For fans who have been waiting six long years for the return of rock’s most gracious circle of musicians, the time has finally come; the wait is finally over, but was it all worth it? A Perfect Circle took the stage Monday night to perform the first show in a three night residency at the Avalon in Hollywood. These series of shows spanned the band’s catalog in five different cities around the United States, with one album on each night. Mer de Noms kicked off the small Los Angeles stint.
Upon entrance into the general admissions pit, the backdrop was immediately visible, giving the eagerly waiting fans a taste of what was to be experienced that night. The background was very simple; it consisted of one large fractal image in the center of a canvas surrounded by the many runes that signified Mer de Noms. The stage had three large platforms in the background while in the foreground a bass and guitar rig stood.
As soon as the lights dimmed, the crowd grew ecstatic. A series of comfortable colors swept the entire stage, illuminating the group in just the perfect manner. To ABBA’s “Dancing Queen”, Maynard took the left platform, James Iha took the center platform, and drummer Josh Freese took the platform furthest right. Newly recruited bassist, Matt McJunkins, took the left side of the stage while Billy Howerdel was given a large amount of room to fully conduct his beautiful songs. Once positioned, the group began to power through their first album.
Soon after Maynard vocalized himself, a massive sing along ensued. Everyone in the crowd, whether they knew the lyrics or not, began to sing along. But oddly enough, a strange sense of uncertainty befell everybody, and the fans and band members appeared floored by the scen. Howerdel and crew became very stiff, as if they were uncomfortable in the renewed awareness of the fans and the music that is and was A Perfect Circle.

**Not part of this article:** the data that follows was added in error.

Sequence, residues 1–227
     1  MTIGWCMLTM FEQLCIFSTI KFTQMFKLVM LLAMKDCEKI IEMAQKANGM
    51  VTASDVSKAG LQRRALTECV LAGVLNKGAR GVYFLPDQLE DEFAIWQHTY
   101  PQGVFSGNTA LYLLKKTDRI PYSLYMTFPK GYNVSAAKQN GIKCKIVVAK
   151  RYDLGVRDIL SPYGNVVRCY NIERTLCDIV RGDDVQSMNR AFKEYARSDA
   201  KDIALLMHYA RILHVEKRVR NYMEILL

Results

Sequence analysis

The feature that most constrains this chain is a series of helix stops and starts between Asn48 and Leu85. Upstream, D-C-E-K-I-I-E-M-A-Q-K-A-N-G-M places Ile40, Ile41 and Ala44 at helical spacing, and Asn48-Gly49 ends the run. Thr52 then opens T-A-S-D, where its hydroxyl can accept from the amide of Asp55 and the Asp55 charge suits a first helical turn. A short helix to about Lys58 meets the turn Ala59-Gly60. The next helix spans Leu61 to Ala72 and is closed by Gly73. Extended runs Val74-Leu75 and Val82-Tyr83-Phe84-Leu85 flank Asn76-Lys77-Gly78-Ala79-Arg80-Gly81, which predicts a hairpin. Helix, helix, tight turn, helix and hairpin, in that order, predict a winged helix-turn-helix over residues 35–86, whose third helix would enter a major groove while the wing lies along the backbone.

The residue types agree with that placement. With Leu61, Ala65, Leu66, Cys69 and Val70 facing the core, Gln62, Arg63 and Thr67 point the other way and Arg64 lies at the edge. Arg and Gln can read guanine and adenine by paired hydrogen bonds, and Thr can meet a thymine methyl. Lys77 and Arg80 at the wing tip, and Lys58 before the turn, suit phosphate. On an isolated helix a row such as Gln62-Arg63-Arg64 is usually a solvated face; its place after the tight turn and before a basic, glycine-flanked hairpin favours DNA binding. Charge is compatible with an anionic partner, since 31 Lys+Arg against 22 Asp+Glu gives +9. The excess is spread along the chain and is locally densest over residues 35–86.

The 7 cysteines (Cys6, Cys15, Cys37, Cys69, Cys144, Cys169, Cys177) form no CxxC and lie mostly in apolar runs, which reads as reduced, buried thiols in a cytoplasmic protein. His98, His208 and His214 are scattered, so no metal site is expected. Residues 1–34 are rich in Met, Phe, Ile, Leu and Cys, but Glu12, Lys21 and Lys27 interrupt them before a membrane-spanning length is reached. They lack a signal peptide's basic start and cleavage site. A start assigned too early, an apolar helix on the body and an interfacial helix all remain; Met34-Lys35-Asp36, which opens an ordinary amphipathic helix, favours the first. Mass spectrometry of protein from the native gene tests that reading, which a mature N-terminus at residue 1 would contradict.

At times, Maynard, being Maynard, would sing an octave lower or skip parts entirely, leaving the listeners wanting the surreal and haunting vocals we all first encountered 12 years back. When watching a group that hasn’t been active for almost a decade, nostalgia can be a powerful thing. It allows desire to become a major part of the viewing experience. People wanted a unique show, something of substance to prove that they had all been waiting a long time for Monday night to finally happen. Whether they got it or not, I guess, is left up to each individual.
Dont misunderstand me when I criticize, I’ve been a huge fan of everything these guys have done for quite some time. The show was good. It gave me a chance to relive some old memories and I’m sure the same went for other people. But you have to ask yourself: Was it as good as it was in the past when they opened for Nine Inch Nails? When they toured Thirteenth Step? No. It wasn’t. And I understand that it was the beginning of the tour, but the fans came out to witness something special. If that makes me an asshole, then go ahead and consider me one. The instruments were mixed poorly, allowing the bass to spike up randomly, and the guitar to fall by the wayside. Maynard could barely be heard amongst all the ups and downs, leaving the wants and needs of fans unsatisfied. I’m sure many others, after all was said and done, were quite disappointed as well.
So, in the end, the concert was good for what it was, a retelling of a modern classic. And Mer de Noms sure is a modern classic. The show lasted for little more than an hour with very few changes made to the basic material. A superb version of Bowie’s “Ashes to Ashes” was covered with Troy Van Leeuwen, the original rhythm guitarist for the group and current guitarist for Queens of the Stone Age, and “Imagine” was played for all the people not attending the third night’s rendition of Emotive. A jam was jammed during “Renholder”, jokes were told by Iha, and Maynard counted how many times the band mates screwed up throughout the night. A Perfect Circle were hardly the band I remembered from the good old days, leaving me to think that the good ole’ days have passed us by.
So, how do fans, as true fans, interpret what was experienced on Monday night? Should they stop taking A Perfect Circle seriously? Are the band members themselves not taking it seriously? What happened to the seriousness of it all, the true creative emotion behind the eyes? For Monday night’s show, it all seemed to be almost nonexistent.
Thinking of You
Ashes To Ashes (David Bowie)
Imagine (John Lennon)